GIO ready to perform

Property developers not always delivering what they promise is nothing new. We’ve all heard stories about brand new apartments that seem ready to fall apart before anyone has moved in – never mind many new projects being delivered several months later than planned.

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By  Ben dawson Published  May 7, 2006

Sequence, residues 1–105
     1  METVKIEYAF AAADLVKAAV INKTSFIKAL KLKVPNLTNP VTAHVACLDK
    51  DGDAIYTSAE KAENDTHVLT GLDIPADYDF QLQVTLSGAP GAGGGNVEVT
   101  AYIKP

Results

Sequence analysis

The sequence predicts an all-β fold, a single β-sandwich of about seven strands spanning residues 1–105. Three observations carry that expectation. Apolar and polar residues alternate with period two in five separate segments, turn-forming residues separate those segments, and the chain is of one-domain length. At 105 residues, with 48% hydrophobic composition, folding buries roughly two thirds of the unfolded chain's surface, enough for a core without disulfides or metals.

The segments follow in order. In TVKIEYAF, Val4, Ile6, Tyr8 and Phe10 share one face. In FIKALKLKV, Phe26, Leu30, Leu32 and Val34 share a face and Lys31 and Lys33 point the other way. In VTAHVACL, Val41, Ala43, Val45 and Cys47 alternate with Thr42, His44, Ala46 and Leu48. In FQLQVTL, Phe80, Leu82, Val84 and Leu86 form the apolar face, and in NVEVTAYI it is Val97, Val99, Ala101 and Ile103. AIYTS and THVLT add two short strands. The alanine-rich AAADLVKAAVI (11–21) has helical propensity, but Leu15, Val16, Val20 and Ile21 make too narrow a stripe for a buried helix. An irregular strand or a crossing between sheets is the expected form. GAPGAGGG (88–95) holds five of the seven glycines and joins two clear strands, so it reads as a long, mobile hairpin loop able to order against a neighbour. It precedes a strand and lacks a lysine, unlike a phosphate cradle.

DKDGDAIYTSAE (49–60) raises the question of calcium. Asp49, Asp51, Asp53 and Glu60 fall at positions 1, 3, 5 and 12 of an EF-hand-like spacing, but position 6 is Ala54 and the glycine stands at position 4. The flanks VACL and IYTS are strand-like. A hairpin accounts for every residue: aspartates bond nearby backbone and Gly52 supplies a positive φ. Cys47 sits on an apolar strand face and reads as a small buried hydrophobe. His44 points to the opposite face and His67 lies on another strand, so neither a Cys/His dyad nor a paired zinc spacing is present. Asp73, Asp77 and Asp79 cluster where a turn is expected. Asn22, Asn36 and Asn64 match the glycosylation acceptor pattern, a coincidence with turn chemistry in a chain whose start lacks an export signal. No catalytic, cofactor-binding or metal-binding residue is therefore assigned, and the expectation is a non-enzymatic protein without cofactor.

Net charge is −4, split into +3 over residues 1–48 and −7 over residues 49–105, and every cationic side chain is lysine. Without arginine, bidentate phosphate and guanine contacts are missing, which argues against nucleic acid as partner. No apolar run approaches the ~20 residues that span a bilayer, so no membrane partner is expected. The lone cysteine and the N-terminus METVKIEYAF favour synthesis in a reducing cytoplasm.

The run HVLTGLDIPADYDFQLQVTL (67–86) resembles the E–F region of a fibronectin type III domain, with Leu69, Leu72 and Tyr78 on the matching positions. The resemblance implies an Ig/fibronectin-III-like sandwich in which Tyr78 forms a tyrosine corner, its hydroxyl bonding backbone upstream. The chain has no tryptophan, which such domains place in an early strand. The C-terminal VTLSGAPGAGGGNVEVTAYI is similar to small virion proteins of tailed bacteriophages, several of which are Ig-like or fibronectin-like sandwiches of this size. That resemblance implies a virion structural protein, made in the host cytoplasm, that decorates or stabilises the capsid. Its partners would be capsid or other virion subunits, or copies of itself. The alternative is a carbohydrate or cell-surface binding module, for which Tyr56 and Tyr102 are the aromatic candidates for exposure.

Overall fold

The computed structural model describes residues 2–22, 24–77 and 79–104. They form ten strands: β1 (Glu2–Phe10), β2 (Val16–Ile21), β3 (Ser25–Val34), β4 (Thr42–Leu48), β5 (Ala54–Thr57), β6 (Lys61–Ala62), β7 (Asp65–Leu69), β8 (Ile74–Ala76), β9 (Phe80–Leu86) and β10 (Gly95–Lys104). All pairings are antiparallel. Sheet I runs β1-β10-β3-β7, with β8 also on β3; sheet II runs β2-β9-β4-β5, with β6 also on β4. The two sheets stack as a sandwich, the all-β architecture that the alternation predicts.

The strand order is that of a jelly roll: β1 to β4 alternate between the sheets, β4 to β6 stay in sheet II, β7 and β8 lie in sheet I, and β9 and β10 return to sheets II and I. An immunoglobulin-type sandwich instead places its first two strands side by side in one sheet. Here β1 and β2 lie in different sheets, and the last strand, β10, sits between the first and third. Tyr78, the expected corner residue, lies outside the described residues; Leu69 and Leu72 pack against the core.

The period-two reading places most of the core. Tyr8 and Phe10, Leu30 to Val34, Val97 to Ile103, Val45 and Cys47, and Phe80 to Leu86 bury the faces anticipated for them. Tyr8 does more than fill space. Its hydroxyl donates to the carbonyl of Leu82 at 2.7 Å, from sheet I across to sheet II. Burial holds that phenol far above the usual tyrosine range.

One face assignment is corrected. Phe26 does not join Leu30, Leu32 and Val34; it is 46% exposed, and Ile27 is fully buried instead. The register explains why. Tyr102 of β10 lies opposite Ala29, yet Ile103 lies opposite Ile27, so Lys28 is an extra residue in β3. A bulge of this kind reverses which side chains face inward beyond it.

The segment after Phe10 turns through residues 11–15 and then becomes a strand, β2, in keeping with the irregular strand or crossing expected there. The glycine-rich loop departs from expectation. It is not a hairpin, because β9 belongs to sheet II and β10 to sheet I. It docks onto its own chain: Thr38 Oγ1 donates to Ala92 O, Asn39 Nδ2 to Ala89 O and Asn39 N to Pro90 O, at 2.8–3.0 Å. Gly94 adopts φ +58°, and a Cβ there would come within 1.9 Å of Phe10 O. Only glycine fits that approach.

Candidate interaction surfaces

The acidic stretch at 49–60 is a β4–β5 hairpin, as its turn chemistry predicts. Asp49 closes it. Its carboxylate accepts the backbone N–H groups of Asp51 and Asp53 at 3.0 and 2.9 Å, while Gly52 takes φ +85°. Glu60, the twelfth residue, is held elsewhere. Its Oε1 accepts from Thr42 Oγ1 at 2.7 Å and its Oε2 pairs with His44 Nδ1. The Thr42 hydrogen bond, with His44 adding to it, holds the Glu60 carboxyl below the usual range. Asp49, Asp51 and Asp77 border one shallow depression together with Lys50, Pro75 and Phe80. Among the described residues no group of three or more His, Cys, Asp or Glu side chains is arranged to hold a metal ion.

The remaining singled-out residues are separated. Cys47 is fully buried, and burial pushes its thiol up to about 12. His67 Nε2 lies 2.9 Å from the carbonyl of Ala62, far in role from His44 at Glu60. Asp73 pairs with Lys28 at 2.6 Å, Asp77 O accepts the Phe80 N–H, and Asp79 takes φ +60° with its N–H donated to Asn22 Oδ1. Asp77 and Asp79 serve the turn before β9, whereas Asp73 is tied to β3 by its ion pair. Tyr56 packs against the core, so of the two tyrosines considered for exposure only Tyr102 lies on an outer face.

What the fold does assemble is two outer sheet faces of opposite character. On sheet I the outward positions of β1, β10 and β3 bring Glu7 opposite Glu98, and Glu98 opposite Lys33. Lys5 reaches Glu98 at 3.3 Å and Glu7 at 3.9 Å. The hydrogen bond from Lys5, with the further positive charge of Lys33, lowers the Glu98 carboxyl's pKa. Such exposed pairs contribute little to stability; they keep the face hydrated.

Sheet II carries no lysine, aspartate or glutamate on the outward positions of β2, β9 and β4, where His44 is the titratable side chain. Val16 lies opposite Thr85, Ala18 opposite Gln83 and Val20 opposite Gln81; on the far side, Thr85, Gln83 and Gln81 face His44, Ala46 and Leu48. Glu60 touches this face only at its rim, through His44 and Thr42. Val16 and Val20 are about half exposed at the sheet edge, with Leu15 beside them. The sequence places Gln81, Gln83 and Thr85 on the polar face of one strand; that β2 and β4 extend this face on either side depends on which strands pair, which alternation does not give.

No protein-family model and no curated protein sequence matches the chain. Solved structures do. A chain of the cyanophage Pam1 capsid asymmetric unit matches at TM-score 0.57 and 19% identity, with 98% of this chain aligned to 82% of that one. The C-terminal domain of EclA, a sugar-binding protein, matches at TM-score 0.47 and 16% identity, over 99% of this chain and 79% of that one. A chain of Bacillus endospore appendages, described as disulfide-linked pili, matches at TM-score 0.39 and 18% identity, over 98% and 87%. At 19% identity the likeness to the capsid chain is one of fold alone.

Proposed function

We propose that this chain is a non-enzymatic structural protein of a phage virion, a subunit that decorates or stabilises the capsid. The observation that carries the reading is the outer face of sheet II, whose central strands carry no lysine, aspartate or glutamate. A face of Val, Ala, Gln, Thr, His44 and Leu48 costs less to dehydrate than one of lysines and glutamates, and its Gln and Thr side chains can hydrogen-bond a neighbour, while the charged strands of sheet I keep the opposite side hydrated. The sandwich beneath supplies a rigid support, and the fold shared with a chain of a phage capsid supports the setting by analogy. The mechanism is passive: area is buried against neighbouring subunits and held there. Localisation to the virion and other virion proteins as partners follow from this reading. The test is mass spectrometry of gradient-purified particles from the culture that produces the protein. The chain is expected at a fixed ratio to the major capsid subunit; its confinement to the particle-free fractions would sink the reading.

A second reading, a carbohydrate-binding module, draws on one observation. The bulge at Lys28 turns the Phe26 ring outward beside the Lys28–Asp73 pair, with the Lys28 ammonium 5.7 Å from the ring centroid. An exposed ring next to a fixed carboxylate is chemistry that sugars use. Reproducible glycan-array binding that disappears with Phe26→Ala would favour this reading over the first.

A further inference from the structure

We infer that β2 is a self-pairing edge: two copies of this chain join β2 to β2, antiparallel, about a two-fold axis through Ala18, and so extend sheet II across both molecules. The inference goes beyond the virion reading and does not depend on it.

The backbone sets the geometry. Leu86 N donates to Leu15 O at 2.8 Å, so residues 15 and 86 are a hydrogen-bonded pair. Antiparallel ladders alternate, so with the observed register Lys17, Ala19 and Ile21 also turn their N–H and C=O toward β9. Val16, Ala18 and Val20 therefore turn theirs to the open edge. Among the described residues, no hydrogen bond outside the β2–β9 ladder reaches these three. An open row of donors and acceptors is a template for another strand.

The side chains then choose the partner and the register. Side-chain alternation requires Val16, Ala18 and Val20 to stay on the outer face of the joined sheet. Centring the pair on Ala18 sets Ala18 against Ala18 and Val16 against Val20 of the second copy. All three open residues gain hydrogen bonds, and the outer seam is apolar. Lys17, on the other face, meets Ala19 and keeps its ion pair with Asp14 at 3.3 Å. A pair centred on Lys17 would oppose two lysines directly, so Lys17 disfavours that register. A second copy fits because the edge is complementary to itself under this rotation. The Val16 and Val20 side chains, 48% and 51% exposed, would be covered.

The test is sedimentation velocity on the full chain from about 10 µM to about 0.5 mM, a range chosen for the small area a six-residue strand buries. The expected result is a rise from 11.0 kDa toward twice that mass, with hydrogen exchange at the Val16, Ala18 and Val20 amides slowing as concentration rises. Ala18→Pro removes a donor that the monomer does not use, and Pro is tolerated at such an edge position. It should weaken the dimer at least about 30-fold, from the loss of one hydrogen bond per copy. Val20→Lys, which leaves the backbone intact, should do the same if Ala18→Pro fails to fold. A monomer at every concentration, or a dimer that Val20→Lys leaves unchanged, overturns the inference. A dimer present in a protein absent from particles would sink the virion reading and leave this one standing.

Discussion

|~||~||~|Property developers not always delivering what they promise is nothing new. We’ve all heard stories about brand new apartments that seem ready to fall apart before anyone has moved in – never mind many new projects being delivered several months later than planned. Well, long suffering home buyers may soon have the last laugh. I hear that the impressive Rashid Galadari, boss of real estate giant Galadari Investment Office (GIO) has been looking at ways to solve the problem. Following a number of meetings with bankers, one plan on the agenda is for developers to give potential buyers “performance bonds” – effectively a financial guarantee that a building will be completed on time, and to the quality and specifications promised. Galadari tells me: “It’s important that developers take responsibility, and clients need more security when making an investment. It’s something we are looking at, and if it works, then hopefully other developers will do the same.” About time... DOUBLE TROUBLE If you’re a German company with interests in the UAE, you might soon need to think again. Germany is one of many countries that has a double taxation treaty with the UAE, hence the huge number of largely German construction firms that have set up in this part of the world. For how much longer is another matter. My spies suggest that come August 5 this year, the UAE may not renew its treaty with Germany. That would mean that several German companies would end up paying tax back home on profits gained here. Whether the treaty is renewed or not is expected to be confirmed this week. JACKO NEXT After having managed to sponsor the recent Robbie Williams concert in Dubai, I hear that The One founder Thomas Lundgren has now got the music bug. More than pleased with his efforts (which cost in the region of US$300,000), Lundgren has made no secret of his desire to become Dubai’s unofficial music promoter. I hear Lundgren’s pals have been in touch with officials in Bahrain over plans to bring – wait for it – Michael Jackson to Dubai next February, for a one-off gig. Williams was paid around US$1 million for his Dubai performance, but it is thought that Jackson will cost nearer US$5 million in fees. Time will tell if Lundgren succeeds. I have a hunch he will. MYSTERY JIM The mystery deepens as to who is the Scottish businessman about to take over Dumbarton Football Club. Club officials are insisting that a hugely successful wealthy Scot has all but signed a deal to give him control of Dumbarton FC, that he lives in Dubai, and that his name will soon be revealed. Top of the list of candidates is i-mate founder Jim Morrison (pictured left), although he strongly denies the rumours. “I come from Dumbarton, I am successful and I live in Dubai. That’s where the coincidence ends,” he told me recently. Hmmmm. TOMMY'S IN TOWN Next week is “Tommy Week” in the Gulf. Fashion legend Tommy Hilfiger will be in town for a few days, officially to open a huge new store in Dubai. I hear a series of impressive launch events are planned, by the end of which it is likely we will all be wearing “Tommy gear” of some sort. I certainly hope so – whatever else you say about Hilifiger, you have to give the man credit. He created a magnificent empire from complete scratch, and has secured his place in retailing history.||**||

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